KR Tribunal Enacts Reforms to Victims’ Roles

The Khmer Rouge tribunal yesterday announced sweeping changes to its system of victim participation that promise to streamline how victims are represented in court.

As expected, the tribunal will adopt a system of “lead co-lawyers” in which two lawyers represent the interests of all civil parties, who are expected to number in the thousands for the court’s next case. A number of other civil party lawyers will work under the lead co-lawyers, supporting them and interacting more closely with individual victims.

The lead co-lawyers will “endeavor to reach consensus” with the lawyers under them, the court said in a statement. At the discretion of the lead lawyers, supporting lawyers can also make oral and written submissions and examine witnesses in court.

The court plans to establish a separate section for the lead co-lawyers and their support staff, who will be funded by the court.

In the trial of Kaing Guek Eav, which ended in September, 63 civil parties were divided into four groups, each of which was represented by a team of several lawyers.

These groups had equal standing and were not always coordinated, slowing down the pace of courtroom proceedings and accelerating calls for civil party reforms. They also experienced fundamental disagreements on matters of law.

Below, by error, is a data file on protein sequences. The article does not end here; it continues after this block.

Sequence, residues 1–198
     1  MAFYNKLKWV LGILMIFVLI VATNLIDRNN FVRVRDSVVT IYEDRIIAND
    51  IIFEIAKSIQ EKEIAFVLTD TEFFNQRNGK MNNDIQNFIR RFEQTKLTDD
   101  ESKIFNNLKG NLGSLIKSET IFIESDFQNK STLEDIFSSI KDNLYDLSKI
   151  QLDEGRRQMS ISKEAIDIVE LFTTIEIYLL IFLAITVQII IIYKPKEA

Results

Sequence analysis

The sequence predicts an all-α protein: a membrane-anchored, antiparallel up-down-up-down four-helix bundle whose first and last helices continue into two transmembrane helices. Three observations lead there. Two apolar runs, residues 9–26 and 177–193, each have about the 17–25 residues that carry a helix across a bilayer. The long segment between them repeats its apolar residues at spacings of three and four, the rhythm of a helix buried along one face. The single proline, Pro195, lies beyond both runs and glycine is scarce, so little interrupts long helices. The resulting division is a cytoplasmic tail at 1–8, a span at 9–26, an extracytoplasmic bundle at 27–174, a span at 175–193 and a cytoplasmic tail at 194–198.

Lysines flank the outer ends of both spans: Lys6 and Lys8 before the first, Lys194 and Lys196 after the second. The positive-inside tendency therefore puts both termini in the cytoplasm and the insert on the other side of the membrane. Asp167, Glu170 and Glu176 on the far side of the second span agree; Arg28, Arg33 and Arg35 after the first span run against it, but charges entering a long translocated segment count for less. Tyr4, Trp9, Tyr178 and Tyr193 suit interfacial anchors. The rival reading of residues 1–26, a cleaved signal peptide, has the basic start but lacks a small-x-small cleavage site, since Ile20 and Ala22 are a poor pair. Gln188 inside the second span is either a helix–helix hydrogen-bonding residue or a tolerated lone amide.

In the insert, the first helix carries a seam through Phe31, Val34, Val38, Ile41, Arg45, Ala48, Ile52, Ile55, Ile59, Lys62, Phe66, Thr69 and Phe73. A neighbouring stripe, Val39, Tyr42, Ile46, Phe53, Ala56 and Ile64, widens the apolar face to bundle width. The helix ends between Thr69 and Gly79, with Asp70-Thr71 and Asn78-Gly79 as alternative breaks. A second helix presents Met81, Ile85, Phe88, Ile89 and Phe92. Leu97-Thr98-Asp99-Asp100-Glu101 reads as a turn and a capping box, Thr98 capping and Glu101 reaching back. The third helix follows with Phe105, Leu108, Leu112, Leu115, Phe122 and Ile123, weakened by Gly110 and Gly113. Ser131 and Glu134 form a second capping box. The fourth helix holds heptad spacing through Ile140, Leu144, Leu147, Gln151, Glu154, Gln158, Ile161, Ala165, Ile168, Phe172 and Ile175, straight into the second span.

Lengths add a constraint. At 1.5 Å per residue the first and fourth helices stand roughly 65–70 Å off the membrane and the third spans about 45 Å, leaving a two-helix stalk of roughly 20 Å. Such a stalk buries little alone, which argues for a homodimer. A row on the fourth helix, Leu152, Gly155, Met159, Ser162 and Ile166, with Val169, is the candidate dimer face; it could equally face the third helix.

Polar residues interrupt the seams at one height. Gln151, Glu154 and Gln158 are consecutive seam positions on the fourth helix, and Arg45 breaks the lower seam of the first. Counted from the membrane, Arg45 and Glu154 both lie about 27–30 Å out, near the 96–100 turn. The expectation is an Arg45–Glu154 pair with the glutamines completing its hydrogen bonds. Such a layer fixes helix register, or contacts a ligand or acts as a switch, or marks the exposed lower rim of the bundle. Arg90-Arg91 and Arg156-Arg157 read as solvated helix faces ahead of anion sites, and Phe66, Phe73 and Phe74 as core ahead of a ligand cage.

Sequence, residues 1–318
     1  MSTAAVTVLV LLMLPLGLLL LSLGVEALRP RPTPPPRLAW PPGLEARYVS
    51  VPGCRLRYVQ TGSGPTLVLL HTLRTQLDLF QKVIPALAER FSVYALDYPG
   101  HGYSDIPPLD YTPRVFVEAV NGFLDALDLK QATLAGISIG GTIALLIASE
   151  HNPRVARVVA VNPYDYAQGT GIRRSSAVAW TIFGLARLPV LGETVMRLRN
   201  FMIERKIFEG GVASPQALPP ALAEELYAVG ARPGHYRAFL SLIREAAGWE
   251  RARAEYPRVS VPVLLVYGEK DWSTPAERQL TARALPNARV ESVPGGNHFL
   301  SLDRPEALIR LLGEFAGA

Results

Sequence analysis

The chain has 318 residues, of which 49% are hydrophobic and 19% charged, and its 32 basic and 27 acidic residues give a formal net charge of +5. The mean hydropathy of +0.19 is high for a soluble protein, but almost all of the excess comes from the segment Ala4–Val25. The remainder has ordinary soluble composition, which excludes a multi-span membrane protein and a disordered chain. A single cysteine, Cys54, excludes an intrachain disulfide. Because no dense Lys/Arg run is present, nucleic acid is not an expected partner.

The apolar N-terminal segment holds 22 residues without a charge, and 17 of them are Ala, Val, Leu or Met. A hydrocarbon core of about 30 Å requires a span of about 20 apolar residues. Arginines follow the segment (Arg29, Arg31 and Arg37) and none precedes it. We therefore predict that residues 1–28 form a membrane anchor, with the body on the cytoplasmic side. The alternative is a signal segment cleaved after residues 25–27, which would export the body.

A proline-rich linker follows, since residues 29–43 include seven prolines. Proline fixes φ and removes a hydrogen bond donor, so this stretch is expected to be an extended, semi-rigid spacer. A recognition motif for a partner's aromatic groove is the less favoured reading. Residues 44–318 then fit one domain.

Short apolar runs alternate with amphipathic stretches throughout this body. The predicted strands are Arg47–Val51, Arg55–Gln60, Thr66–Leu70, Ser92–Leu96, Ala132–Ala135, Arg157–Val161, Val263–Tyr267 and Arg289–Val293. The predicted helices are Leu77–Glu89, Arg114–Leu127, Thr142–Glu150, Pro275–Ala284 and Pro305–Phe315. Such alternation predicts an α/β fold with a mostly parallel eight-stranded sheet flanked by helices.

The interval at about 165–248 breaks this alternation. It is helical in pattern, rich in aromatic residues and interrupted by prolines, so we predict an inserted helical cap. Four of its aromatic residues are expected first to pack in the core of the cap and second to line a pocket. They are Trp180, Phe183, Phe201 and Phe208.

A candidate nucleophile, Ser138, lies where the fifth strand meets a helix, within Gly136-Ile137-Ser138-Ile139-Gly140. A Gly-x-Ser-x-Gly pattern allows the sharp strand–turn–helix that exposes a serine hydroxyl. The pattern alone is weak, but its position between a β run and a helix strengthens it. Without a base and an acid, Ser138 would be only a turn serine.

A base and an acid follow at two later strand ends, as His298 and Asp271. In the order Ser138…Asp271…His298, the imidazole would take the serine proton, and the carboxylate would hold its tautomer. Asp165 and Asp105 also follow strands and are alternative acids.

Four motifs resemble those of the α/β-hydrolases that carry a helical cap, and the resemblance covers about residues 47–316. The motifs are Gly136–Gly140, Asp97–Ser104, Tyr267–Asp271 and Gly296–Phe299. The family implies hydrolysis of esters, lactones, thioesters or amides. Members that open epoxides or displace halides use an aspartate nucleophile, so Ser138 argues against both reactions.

With more than 4,000 victims hoping to participate in the court’s second case, judges said that system had become untenable.

“It is clear that existing legal provisions in Cambodian criminal procedures are not designed to deal with individualized participation by victims on this scale,” the court said in a statement.

“The new scheme as adopted is intended to balance the rights of all parties, to safeguard the ability of the ECCC to achieve its mandate while maintaining civil party participation, and to enhance the quality of civil party representation.”

In months of discussions, civil party lawyers reacted forcefully to the proposed changes, saying they could deny fundamental rights to their clients and put lawyers in ethically compromising situations.

Richard Rogers, the chief of the court’s defense support section, issued his own statement yesterday that raised several concerns about the new rules, including the fact that the number of potential civil party lawyers–which Mr Rogers said could exceed 40–dwarfs the number of defense lawyers.

Combined with the prosecution team, there would be “more than 50” lawyers working to convict the accused in future trials.

“Such a considerable imbalance in resources can only serve to undermine the equality of arms, and therefore the fairness of the proceedings,” Mr Rogers wrote.

Tribunal legal affairs spokesman Lars Olsen said yesterday that he could not confirm the estimate provided in the defense statement.

“It has been decided that there will be two co-lawyers, and the number of support staff will depend on the workload,” he said.

Civil party lawyer Silke Studzinsky, who represents nearly 200 clients, expressed serious reservations yesterday about a system that would put the interests of all civil parties in the hands of just two lawyers.

“Civil party lawyers are giving up any effective rights to be allowed to legally represent our clients in court because we’ll be relying without any criteria on the goodwill or bad will of the lead counsel to make decisions,” she said.

 

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